There aren’t any steps. I’ve never really liked
“STEPS” lists, because they are too generic (unless you are putting
together the Space Shuttle, or something like that). It is as if they
will take you to the holy grail.
Steps imply that they must be done in order – in sequence. Yet each community is in its own phase. They have their own unique strengths
& weaknesses & culture. There isn’t a One-Size-Fits-All
method. It is impossible to come up with a list of steps that will
cover them all.
Instead, here are 10 things you must do (or not do) when creating a community.
- DO gather (virtually or in person) the community together (or a portion of it) and look at it from a performance improvement
perspective. You can’t go in thinking that an online community will
solve all of its problems. How much better to be able to go in,
recognize an area that can be improved, and then be able to provide a
solution, whatever that may be! If not provide it, then recognize what a
potential solution could be and who to contact. It could be training,
process re-engineering, dealing with cultural issues…
- Don’t just target the GenY or Millenials. Those who are older get this just as much as they do.
- Don’t ask them to blog, or tweet, or use a wiki. They won’t know what to do with it. Well then, how do we help them use these new tools?
- Work the tools into their workflow. If it is an extra chore, they won’t use it (this seems pretty intuitive, but is forgotten in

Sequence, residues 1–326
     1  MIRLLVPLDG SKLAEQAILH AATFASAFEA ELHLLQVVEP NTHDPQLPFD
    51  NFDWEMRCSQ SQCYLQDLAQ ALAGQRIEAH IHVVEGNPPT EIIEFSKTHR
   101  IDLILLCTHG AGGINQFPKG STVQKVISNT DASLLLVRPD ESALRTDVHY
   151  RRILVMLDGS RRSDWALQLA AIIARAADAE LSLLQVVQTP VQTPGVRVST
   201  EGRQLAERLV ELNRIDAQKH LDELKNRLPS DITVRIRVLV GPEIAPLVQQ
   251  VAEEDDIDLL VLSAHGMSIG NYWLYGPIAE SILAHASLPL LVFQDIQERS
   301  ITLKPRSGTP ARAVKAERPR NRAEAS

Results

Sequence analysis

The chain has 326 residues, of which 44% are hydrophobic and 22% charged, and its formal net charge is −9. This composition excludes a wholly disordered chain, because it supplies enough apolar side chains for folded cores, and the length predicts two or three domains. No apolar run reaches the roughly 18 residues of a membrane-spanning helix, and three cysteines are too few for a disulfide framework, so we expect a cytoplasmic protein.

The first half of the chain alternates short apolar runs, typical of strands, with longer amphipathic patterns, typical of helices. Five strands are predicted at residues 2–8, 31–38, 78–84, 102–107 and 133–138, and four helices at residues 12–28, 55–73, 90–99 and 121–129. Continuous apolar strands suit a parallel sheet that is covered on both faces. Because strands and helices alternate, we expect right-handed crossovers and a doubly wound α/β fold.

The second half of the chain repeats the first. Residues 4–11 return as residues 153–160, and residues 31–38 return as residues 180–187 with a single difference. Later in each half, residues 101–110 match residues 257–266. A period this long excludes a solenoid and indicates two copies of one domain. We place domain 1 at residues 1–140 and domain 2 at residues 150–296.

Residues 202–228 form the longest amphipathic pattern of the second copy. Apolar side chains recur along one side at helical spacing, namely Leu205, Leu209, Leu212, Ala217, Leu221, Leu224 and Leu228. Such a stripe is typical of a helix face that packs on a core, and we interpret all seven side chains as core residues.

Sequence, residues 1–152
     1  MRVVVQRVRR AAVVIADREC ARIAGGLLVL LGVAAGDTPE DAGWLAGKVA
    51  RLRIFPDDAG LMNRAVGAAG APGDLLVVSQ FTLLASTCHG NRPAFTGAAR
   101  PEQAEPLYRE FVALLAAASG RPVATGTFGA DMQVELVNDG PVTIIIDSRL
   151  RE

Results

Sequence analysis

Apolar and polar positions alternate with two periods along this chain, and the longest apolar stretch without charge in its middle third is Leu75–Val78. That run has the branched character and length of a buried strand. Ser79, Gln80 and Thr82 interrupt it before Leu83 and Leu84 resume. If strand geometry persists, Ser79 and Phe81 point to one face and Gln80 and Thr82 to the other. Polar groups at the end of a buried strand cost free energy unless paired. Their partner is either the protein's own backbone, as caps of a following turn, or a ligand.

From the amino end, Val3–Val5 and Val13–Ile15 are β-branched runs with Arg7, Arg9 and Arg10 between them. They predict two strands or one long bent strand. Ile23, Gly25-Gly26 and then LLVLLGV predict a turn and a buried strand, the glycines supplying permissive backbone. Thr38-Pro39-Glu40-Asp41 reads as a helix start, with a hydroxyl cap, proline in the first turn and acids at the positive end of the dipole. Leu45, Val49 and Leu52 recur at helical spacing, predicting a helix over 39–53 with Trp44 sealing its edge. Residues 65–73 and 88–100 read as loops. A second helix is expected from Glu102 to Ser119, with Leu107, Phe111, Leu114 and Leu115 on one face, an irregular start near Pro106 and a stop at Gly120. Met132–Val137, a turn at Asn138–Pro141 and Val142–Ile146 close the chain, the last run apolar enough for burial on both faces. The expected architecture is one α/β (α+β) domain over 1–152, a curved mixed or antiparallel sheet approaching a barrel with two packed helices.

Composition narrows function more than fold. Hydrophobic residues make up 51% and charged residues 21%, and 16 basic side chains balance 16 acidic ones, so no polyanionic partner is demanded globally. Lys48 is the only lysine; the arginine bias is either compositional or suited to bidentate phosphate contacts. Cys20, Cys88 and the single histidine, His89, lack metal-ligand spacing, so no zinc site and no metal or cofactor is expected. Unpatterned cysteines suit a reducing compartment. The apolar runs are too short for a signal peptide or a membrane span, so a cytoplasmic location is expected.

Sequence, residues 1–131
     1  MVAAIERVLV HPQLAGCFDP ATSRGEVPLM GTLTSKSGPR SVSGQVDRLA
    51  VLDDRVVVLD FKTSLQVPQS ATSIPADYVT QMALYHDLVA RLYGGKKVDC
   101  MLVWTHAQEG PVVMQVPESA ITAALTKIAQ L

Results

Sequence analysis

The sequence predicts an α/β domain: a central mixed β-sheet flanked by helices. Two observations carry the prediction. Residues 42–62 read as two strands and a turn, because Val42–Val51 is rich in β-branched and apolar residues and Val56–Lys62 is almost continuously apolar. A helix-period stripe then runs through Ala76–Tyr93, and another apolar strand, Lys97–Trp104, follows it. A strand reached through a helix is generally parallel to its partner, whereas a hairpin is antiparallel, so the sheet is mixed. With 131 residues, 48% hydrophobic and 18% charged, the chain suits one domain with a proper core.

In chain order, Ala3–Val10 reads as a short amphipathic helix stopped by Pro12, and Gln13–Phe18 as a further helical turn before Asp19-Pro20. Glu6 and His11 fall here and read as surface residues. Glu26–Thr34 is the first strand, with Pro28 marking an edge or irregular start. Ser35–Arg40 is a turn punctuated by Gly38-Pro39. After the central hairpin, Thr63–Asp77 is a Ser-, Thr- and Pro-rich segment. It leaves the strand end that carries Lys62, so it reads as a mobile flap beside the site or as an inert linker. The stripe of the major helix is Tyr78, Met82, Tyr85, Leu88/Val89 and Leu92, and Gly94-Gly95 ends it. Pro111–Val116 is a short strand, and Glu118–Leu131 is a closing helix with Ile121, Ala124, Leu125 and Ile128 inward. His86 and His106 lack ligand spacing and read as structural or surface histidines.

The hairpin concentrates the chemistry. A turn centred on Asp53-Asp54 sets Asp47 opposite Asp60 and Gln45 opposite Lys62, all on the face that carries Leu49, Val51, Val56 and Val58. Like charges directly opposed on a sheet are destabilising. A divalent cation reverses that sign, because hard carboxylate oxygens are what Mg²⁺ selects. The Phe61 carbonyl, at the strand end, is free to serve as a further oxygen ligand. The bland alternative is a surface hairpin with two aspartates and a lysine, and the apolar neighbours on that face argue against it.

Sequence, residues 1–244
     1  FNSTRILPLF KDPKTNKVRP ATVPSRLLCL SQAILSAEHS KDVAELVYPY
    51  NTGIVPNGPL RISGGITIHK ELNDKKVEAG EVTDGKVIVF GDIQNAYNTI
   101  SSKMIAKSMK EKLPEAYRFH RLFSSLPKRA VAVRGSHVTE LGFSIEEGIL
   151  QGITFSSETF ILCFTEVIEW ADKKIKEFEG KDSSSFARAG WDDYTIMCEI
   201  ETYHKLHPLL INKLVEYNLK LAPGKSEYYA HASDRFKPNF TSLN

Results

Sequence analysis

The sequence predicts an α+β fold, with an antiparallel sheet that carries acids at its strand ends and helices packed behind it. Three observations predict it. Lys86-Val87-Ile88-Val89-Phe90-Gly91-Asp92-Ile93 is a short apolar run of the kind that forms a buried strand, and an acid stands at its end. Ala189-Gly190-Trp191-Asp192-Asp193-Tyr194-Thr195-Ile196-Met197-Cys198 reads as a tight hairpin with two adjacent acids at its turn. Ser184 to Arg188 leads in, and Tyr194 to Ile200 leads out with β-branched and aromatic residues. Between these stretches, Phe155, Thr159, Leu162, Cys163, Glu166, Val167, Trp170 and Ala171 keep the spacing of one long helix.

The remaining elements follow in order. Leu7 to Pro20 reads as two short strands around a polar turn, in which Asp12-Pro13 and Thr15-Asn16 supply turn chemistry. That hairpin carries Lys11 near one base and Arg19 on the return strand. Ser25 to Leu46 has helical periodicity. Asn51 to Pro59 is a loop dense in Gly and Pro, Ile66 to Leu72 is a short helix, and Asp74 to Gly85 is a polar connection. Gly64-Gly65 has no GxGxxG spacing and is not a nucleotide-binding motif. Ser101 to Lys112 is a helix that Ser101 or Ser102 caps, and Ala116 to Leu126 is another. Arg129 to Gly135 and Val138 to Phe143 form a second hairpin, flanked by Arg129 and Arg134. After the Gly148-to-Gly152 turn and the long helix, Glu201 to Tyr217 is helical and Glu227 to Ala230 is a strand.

practice). Make it a part of how they work. But don’t focus on the
- Focus on the people, the culture. Usage of the tools will follow. Help the people “work out loud.”
- Don’t create communities hoping they will join. Make sure you have a plan! (Again, that seems obvious, but…) Throwing something out there
will rarely work. Be strategic, yet flexible enough to allow the
employees to set the agenda.
- Do set the example yourself. Use it. Show others how it can be used in the real world. At NASA we
are in the middle of development of our enterprise social solution. How
do we communicate? Using the tool and principles of transparency. I
can’t tell you how effective that has been in showing others the value
and how to use it practically. Oh, and I have avoided a ton of meetings
and emails as well.
- Do dare to be different. Don’t go with the flow which will only lead you back to the same results the organization has always achieved.
You MUST go against the grain – not to be combative, however. But when
people challenge you, stand up with them (not ‘to’ them) and help
educate them, allthewhile having a smile on your face. Some will laugh
at you and that is okay. Just smile, knowing that they will come back
later and use the very thing they mocked.
- DO focus on TRUST. I can’t stress this enough. Talk about it in your meetings, online, on the phone, all the time.
- Help others understand the difference between personal and professional uses – internal and external uses. They are very different (although they
can bleed into each other, but keep it simple with them for right now).
Beat that drum loud and hard.